REGINA — The head of the Saskatchewan Health Authority says the province's health-care system is at its most fragile point yet during the pandemic as the number of COVID-19 cases continues to climb.
"With all the other pressures the system is experiencing ... and now with immunization and helping to manage outbreaks, we're pushing ourselves to the absolute limit," CEO Scott Livingstone said during a briefing.
The Public Health Agency of Canada says the province has the country's highest rate of active cases per 100,000 people at 319. Another 312 infections were reported Thursday.
Dr. Saqib Shahab, chief medical health officer, said he will recommend the government introduce stricter public health measures if he keeps seeing 300 or more new infections daily,
Premier Scott Moe and Shahab decided earlier this week to wait another 14 days to see if existing public health orders bring down a spike in cases, which the pair attributed to holiday gatherings.
A virus expert cautioned against the idea that the current spread is a reflection of Christmas.
"There is always a danger in looking at or viewing it from that perspective because there's maybe the tendency to think that, 'OK, in a few weeks time things will turn around," Dr. Jason Kindrachuk said from Saskatoon.
"Once the transmission chains start we have to try and slow those down."
Current measures forbid guests in private homes, but people can still gather outdoors in groups of 10, go shopping and visit restaurants — although businesses must restrict their capacity. Same with personal services, such as hair salons.
Bingo halls and casinos are the only activities shut down and team sports are banned, except for kids in small practice groups.
"If we want our numbers to go down, we need to actually hit the brakes," said Kyle Anderson, a microbiologist and professor at the University of Saskatchewan in Saskatoon.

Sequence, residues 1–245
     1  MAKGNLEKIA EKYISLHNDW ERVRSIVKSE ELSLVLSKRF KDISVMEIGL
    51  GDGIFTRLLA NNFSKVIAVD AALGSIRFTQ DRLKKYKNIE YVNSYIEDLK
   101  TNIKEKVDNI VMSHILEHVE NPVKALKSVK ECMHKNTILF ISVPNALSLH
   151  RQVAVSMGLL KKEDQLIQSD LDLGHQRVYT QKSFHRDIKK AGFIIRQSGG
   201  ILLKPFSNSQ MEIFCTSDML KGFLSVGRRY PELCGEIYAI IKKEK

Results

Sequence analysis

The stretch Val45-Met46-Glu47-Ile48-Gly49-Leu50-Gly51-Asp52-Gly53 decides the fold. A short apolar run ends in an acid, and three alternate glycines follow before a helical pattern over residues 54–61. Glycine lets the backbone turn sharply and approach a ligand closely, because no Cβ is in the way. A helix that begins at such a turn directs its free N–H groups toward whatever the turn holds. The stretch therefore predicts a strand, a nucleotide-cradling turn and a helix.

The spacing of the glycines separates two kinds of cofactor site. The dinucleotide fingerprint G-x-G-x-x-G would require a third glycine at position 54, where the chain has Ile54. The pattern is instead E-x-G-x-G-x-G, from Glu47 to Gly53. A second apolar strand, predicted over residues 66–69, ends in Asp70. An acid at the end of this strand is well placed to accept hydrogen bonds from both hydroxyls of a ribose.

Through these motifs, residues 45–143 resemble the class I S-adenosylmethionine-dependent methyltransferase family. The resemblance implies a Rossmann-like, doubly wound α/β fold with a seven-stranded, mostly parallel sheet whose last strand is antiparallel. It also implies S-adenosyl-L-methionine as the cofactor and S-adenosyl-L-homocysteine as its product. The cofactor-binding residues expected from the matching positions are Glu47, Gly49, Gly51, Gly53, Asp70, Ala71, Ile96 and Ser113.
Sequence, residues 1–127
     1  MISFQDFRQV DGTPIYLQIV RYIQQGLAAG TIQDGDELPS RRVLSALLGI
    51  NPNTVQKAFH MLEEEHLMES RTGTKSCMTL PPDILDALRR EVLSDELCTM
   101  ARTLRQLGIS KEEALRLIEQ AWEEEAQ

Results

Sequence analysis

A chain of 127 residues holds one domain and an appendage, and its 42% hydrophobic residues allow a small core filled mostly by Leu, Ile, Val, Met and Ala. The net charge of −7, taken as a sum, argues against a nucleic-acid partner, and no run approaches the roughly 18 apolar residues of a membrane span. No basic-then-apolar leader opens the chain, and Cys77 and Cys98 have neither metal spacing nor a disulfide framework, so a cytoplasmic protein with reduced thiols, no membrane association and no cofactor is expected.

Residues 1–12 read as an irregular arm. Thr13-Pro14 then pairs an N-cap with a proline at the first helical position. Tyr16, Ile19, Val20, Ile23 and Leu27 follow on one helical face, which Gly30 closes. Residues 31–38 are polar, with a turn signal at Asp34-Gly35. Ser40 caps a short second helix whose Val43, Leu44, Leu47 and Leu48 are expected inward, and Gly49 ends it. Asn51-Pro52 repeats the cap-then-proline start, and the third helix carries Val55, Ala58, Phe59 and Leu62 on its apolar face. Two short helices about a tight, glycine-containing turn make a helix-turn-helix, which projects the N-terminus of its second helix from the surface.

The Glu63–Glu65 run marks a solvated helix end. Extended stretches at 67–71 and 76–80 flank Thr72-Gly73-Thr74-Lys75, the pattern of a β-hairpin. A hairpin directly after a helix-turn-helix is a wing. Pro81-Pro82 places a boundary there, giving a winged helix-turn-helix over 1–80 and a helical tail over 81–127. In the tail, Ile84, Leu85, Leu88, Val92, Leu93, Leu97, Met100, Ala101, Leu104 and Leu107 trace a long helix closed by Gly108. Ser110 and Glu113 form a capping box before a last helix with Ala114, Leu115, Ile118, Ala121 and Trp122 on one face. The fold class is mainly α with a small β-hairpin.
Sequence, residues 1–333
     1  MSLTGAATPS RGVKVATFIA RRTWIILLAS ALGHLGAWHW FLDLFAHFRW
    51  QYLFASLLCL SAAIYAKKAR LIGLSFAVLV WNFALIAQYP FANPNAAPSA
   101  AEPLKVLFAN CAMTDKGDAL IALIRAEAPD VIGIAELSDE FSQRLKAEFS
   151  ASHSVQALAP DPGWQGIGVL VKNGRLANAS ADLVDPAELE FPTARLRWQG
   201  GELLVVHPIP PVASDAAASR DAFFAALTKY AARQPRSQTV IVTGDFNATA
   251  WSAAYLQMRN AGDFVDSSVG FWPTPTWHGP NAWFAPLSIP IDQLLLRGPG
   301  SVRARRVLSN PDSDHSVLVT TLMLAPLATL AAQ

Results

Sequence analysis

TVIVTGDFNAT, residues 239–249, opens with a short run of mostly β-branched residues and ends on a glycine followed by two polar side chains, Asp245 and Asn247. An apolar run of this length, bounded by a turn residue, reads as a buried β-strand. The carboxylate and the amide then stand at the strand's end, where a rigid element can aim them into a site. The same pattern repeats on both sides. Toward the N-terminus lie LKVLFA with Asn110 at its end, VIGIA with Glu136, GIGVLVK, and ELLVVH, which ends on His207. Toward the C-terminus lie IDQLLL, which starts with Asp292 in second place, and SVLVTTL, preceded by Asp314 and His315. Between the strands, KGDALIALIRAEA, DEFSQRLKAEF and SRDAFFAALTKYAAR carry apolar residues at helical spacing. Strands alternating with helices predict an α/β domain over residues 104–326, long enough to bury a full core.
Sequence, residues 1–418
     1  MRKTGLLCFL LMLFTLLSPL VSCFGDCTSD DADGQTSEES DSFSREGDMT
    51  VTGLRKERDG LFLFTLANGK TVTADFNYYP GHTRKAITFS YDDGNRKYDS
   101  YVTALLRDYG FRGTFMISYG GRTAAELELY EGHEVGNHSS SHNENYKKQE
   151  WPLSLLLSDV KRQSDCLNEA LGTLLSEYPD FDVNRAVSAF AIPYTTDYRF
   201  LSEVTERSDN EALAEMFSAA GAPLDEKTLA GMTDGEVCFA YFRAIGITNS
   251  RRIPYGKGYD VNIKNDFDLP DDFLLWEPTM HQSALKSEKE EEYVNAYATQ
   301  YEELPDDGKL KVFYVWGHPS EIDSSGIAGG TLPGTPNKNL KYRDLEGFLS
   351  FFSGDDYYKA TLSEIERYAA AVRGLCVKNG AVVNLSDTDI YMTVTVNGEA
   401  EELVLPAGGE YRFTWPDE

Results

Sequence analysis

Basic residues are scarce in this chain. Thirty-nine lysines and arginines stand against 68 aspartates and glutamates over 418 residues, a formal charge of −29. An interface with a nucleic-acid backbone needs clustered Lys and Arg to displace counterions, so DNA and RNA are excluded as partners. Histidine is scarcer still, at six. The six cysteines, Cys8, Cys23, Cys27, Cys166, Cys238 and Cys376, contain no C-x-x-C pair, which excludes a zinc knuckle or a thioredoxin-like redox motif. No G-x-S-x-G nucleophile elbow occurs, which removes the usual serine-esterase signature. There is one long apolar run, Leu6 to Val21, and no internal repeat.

"We need to either compel people or convince people that they need to be more responsible in what they're doing."
Moe, citing concern over job losses and people's well-being, has rejected returning the province to a full economic shutdown.
"We all know the right things to do even if we aren't forced to do it. And the fact that Saskatchewan has the worst numbers means we are following the rules the least," said Anderson.
As of Thursday, 206 people were in hospital with COVID-19 — the most to date — and 34 of them were receiving intensive care. For weeks, health officials have warned about the strain the pandemic's second wave has been having on contact tracing and ICUs.
The health authority said normally the province has 75 intensive care beds and has created 16 more, which are used depending on demand. Of the 91 available beds, 82 were full Thursday, with 34 of the patients sick with COVID-19.
Anderson said he expects to see more hospitalizations because people who are in those beds now became infected weeks ago, and there's a lag time before more recent cases result in hospital admissions.
Dr. Nazeem Muhajarine, also a professor at the University of Saskatchewan in community health and epidemiology, said circumstances change quickly in a pandemic, and the province's active case rate could be lower by the weekend.
But he doesn't believe Saskatchewan would fall far behind that many other provinces. He suggested what's more important is to watch the trajectory of new infections, which has formed a "steep slope."
"There is a correlation, connection between more cases, more hospital beds occupied, also more ICU care needed and more deaths.
"It's more, more, more."
He said another concerning trend is how many people are dying each day, including those who weren't living in long-term care homes or who were younger than 50.
Since the start of January, health officials have reported 51 deaths.
"That worries me," said Muhajarine.
This report by The Canadian Press was first published Jan. 14, 2021